Markets Nov 17

China’s first STAR 50 Index ETFs start trading 

The first four exchange traded funds (ETFs) to track Shanghai Stock Exchange’s Nasdaq-style STAR Market started trading on Monday November 16; they can be bought and sold similarly as company stocks and provide investors access to the market’s top 50 firms

China’s first STAR 50 Index ETFs start trading 
Representatives of many companies attend the listing ceremony of the first batch of companies on the SSE Star Market in Shanghai, China, on 22 July 2019. China's billionaires' club has added a clutch of new members after Shanghai's latest tech stock market generated an unprecedented rally for its first batch of listings, underlining domestic investors' enthusiasm for the country's answer to Nasdaq. The 25 companies that debuted on the so-called Star market rose an average of 140% in the first trading day, taking the paper value of shareholdings by three of those companies’ individual investors above $1 billion each, according to the Bloomberg Billionaires Index. File photo: DYCJ / Imaginechina via AFP.  

(ATF) The first four exchange traded funds (ETFs) to track Shanghai Stock Exchange’s Nasdaq-style STAR Market started trading on Monday November 16. They can be bought and sold similarly as company stocks and provide investors access to the STAR Market’s top 50 companies.

The ETFs are managed by China Asset Management, E Fund Management, Huatai-PineBridge Fund Management, and ICBC Credit Suisse Asset Management. Initial fundraising of the ETFs started in September and they received nearly 100 billion yuan (US$15.2 billion) in subscriptions.

The four ETFs are the first to track the the Shanghai Stock Exchange Science and Technology Innovation Board 50 Index (the “SSE STAR 50 Index”), which was launched jointly by the Shanghai bourse and China Securities Index about a year ago following the board’s trading debut last July. 

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There are now 195 companies with a combined market cap of 3.09 trillion yuan ($470 billion) listed on the STAR board, according to data released by the Shanghai exchange.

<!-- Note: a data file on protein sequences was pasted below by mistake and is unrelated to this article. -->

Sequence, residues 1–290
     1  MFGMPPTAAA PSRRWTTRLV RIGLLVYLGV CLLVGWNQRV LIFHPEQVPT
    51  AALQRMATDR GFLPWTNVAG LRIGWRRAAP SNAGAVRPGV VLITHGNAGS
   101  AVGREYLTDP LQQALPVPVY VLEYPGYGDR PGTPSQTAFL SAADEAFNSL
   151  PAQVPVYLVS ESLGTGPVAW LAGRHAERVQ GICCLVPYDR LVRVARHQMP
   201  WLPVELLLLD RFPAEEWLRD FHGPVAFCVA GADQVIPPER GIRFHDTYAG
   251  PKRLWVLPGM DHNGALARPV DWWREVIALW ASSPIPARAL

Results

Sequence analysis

An easier way to access STAR

The STAR 50 Index consists of the 50 largest stocks listed on the Star Market that have also passed certain liquidity requirements. Constituents are weighted by float-adjusted market capitalisation.

“Constituents of the STAR 50 index are leading companies in the tech sector with high growth potential. The STAR 50 combines a broad-based index and a tech sector index in one... It lowers the risks and entry barriers for retail investors to access the STAR market,” Zhang Xinwei, an analyst from Guoxin Securities, said in a commentary.

Constituents of the STAR 50 Index include Beijing Kingsoft Office Software, Shenzhen Transsion Holdings, Advanced Micro-Fabrication Equipment, and Shanghai Friends Electronic Technology.

Because of the high volatility of the STAR Market, Shanghai Stock Exchange has required that only “savvy” investors with at least two years of stock trading experience and a minimum of 500,000 yuan ($76,050) of assets in their stock brokerage account can invest in the STAR Market.

The entry barrier is much lower for the STAR 50 Index ETF. Anybody with a brokerage account can invest in it, and buying the minimum 100 units of a STAR 50 Index ETF only costs about 150 yuan ($22.80).

High volatility

From a base of 1,000 points at the end of 2019, the Star 50 Index has surged over 40% so far this year, dwarfing the 22% growth logged by the CSI 300 Index, which tracks the performance of the top 300 stocks traded in Shanghai and Shenzhen, according to Wind info.

The volatility of the STAR Market is also higher. The stocks on STAR can move 20% daily while those on the main board have a daily cap of 10%.

Song Yang, an analyst from Bohai Securities, suggests that investors purchase the STAR 50 Index ETF in several batches or periodically to avoid the risks associated with high volatility.

Overall, he thinks the STAR 50 Index ETF is a useful investment vehicle for investors who wish to diversity their portfolio, spread risks and get a share of the high yield of the STAR Market. 

“Still in early stage”

However, some retail investors do not find the STAR 50 Index ETF to be attractive.

Eric Hu, a Shanghai-based product manager who has over 10 years of stock investment experience, told ATF he would not buy the STAR 50 Index ETF. 

“It is still in an early stage. The really good tech companies such as Alibaba, JD.com and Pingduoduo, are not in the STAR 50 Index. I would rather invest in Chinese tech companies listed on the Hong Kong Stock Exchange. Many US-listed Chinese tech companies are coming back to list in Hong Kong now,” he said.

Because of the increasing US-China tension, many US-listed Chinese companies have chosen a secondary listing in Hong Kong since last November. Among them are Alibaba Group, JD.com, and NetEase. 

Some companies have chosen to list in Shanghai. 

China’s largest chip maker, Semiconductor Manufacturing International Corp (SMIC), ended its 15-year US listing last year, and debuted on the STAR Market this July.

The Alibaba affiliate Ant Group had planned to raise $35 billion via a dual listing on Shanghai’s STAR Market and Hong Kong Stock Exchange. But the world’s largest IPO was derailed by Chinese regulators earlier this month just 36 hours before its trading debut. 

Analysts previously expected Ant Group to be included in the STAR 50 Index in March of next year.

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